This bridge is an attractive example of a traditionally composed pin-connected Pratt truss bridge built by a prominent Indiana bridge builder.
This bridge was rehabilitated by J. A Barker Engineering and the bridge received an award for this rehabilitation. The rehabilitation was noteworthy because it was designed to make the most out of a very limited amount of funds available for repair. While a more extensive or more historically correct rehabilitation may have been possible, this solution kept this bridge standing and did so for a small amount of money. At the same time, the historic integrity of the bridge was not ignored either, given that J. A. Barker Engineering is a firm that specializes in historic bridge work. For example, the bridge had deterioration of the cover plate. A historically correct solution would be to carefully removed the cover plate, replicate a new plate and rivet it into place. A solution by a firm inexperienced with historic bridge rehabilitation in contrast might be to grind down the rivets, cover the entire original cover plate in a new plate, and weld everything together. The solution for this bridge however is a good balance between the two. A narrower strip of plate was welded onto the original cover plate. This allowed the cover plate to be strengthened, while at the same time not altering, obscuring or damaging the original rivets on the cover plate. Solutions like this represent the value of creativity in engineering, where preservation, safety, and fiscal responsibility can all combine to result in a solution where everyone involved benefits.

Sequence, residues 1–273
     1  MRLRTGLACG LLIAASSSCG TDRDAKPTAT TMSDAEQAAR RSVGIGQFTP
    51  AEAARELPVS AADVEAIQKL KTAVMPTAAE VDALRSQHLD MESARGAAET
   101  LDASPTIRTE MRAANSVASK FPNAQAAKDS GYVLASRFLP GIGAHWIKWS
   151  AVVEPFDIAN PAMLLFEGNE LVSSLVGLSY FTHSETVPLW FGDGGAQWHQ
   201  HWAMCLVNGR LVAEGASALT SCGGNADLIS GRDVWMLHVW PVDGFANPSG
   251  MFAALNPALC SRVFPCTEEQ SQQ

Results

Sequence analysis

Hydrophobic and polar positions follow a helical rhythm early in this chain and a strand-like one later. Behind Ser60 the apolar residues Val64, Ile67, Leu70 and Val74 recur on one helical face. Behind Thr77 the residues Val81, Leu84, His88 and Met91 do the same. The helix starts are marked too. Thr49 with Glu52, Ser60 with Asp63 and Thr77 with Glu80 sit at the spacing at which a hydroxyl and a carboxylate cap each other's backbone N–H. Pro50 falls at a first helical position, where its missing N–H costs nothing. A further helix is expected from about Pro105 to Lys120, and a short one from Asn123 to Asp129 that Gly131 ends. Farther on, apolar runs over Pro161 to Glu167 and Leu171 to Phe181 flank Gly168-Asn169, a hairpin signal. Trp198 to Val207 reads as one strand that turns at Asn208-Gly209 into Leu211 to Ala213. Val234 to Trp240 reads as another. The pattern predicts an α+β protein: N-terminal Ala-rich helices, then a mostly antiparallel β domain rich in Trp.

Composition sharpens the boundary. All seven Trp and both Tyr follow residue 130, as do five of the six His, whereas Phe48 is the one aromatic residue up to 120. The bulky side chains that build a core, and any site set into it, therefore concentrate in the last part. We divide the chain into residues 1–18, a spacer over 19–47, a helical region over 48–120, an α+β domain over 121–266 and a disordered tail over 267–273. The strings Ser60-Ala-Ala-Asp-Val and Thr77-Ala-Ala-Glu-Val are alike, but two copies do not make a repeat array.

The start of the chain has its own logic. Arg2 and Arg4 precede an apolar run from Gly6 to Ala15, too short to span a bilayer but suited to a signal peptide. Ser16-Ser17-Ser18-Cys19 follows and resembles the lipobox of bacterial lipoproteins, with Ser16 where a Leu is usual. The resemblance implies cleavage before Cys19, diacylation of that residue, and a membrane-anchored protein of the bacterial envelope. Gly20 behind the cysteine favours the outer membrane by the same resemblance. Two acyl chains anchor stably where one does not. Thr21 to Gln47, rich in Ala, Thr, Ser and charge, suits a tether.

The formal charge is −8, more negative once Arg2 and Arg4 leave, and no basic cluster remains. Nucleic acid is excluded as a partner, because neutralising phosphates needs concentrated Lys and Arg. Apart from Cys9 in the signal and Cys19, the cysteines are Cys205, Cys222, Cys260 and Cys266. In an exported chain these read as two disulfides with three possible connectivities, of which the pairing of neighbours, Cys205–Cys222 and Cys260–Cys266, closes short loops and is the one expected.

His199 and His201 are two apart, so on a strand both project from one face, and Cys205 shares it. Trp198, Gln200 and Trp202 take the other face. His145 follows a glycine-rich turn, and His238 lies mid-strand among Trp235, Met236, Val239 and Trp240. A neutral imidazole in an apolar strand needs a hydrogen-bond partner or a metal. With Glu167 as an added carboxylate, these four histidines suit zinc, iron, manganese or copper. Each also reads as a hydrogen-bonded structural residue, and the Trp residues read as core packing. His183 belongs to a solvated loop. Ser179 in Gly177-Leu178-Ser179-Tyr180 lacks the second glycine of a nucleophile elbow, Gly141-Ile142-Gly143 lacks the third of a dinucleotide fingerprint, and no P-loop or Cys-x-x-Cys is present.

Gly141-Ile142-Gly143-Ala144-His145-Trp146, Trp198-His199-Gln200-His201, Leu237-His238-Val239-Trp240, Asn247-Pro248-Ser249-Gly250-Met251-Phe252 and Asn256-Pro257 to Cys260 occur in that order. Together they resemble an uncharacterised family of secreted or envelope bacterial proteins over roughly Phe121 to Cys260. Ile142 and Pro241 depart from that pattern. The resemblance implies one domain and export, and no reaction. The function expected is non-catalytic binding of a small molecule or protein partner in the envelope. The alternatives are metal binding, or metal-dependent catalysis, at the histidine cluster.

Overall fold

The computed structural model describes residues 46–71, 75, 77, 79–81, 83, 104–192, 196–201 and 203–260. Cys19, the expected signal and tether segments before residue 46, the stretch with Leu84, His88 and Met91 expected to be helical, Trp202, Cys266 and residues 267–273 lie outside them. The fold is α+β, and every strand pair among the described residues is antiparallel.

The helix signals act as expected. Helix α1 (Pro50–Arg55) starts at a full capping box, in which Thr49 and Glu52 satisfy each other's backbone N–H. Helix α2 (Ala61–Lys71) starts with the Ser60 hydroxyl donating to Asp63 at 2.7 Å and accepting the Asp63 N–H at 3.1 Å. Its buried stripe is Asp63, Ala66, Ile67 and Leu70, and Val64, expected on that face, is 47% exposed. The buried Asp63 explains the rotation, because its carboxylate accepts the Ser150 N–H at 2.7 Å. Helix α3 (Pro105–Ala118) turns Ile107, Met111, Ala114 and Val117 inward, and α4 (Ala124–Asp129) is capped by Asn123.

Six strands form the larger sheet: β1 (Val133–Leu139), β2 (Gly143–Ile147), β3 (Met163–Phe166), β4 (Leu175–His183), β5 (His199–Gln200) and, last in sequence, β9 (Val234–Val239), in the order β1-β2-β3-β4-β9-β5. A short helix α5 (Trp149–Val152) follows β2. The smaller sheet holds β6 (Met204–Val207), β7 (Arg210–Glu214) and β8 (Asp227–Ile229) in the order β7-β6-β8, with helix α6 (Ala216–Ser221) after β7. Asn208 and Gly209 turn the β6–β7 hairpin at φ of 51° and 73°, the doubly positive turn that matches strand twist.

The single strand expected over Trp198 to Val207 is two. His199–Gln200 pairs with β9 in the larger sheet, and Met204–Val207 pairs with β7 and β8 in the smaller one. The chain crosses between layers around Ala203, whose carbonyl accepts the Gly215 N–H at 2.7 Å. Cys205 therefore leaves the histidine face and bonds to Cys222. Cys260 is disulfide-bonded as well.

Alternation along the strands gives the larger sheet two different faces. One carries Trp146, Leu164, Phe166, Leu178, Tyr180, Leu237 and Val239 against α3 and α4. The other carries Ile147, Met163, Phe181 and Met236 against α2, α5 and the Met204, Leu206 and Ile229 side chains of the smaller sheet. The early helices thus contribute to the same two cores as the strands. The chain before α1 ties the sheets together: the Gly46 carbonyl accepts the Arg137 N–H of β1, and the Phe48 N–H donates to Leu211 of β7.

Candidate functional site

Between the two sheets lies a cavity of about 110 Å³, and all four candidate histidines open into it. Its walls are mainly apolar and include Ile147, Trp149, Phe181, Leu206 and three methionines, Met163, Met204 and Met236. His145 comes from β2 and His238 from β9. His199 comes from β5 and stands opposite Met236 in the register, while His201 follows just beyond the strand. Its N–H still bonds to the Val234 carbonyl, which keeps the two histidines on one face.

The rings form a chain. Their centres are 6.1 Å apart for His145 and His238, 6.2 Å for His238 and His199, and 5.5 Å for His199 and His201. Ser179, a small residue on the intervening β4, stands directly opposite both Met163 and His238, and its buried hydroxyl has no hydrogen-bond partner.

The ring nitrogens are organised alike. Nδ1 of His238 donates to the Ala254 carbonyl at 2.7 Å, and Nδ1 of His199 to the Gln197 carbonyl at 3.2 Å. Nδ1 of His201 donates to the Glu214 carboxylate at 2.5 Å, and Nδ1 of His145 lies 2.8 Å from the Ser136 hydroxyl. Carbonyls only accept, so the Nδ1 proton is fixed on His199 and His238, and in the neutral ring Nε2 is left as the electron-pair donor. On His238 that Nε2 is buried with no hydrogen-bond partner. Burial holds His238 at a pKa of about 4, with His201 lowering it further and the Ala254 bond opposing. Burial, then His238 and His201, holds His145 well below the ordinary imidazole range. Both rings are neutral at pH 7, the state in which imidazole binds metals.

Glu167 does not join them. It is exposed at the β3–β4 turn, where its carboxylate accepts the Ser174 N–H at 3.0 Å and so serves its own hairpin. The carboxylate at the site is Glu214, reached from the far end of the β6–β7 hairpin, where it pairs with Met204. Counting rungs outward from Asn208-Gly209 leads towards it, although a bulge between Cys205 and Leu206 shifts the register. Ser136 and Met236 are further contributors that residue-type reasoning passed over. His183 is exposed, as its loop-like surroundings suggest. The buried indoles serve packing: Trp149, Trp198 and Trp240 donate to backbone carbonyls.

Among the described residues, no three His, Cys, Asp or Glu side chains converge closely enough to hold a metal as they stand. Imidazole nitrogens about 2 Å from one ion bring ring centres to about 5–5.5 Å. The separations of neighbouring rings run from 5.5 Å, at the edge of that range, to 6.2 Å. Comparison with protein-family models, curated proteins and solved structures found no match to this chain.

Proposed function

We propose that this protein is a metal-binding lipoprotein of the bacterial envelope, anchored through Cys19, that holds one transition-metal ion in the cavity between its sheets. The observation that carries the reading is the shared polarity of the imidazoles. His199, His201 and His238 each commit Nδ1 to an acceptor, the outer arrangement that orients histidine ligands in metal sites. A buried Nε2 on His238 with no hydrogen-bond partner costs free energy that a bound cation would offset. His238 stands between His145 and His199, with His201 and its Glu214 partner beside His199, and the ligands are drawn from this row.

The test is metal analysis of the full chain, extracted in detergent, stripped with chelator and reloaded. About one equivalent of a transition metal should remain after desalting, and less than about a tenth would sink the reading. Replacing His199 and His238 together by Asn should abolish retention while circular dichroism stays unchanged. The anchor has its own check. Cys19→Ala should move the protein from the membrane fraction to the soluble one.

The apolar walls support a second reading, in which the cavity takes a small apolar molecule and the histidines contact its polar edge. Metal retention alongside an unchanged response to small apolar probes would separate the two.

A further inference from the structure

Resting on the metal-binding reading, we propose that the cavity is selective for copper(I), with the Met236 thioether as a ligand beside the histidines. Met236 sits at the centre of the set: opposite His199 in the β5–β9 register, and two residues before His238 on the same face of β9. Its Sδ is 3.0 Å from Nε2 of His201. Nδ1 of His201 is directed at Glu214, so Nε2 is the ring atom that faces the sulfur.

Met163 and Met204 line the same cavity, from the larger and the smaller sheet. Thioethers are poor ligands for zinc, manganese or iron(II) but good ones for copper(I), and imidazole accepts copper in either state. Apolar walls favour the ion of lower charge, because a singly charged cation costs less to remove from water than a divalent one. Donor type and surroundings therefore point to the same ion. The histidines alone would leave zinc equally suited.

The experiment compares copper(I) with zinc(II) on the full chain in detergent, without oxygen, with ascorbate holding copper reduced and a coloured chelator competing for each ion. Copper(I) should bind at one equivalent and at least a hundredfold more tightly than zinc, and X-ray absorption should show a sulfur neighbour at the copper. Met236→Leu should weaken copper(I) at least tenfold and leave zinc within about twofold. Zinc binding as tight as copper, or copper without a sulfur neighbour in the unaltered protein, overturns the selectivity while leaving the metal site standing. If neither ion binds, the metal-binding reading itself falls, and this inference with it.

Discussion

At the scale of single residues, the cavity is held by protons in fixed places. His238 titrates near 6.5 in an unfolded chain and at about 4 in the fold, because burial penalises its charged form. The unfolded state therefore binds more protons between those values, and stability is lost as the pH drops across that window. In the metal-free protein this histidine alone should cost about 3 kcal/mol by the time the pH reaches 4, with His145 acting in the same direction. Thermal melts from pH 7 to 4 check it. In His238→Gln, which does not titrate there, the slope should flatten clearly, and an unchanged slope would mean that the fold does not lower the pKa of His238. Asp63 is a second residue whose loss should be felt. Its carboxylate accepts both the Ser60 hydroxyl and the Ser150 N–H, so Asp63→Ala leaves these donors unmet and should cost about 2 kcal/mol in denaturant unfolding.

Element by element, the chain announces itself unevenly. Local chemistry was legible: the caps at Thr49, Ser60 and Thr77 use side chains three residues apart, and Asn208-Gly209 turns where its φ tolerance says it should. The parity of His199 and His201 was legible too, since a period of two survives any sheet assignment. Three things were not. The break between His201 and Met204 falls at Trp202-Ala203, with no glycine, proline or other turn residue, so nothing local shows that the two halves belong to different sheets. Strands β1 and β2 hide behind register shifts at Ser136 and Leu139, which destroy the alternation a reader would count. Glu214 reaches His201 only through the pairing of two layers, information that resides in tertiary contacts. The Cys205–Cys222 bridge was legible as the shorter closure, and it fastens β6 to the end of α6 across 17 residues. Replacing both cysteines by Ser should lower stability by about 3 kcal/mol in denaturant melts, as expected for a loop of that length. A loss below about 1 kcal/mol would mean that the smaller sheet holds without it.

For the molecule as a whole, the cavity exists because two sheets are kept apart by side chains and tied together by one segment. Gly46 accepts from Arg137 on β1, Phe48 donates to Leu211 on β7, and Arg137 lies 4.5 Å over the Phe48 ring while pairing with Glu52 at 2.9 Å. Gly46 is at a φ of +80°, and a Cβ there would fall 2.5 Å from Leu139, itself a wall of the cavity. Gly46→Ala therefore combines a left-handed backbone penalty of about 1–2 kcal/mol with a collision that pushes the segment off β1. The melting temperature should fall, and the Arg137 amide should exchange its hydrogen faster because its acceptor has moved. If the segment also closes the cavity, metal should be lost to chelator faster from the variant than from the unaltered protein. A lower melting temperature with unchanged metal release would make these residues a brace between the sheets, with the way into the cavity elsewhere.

Information and Findings From DHPA Historic Bridge Survey
Statement of Significance
These pinned and undecorated Pratt through trusses are conventionally designed. The original truss members still function.
Seated upon concrete reinforced, cut stone abutments and wingwalls, this pin-connected Pratt through span extends 99' in six panels. A pair of laced channels of two different sizes provides each intermediate vertical, a pair of die-forged eyebars serves as each set of diagonals, and single, cylindrical rods with turnbuckles counter the diagonals in the two most central panels. The I floor beams are U-bolted to the lower pins. The bridge carries a 14' timber deck and 15'6" of vertical clearance.
Bridge Considered Historic By Survey: Yes
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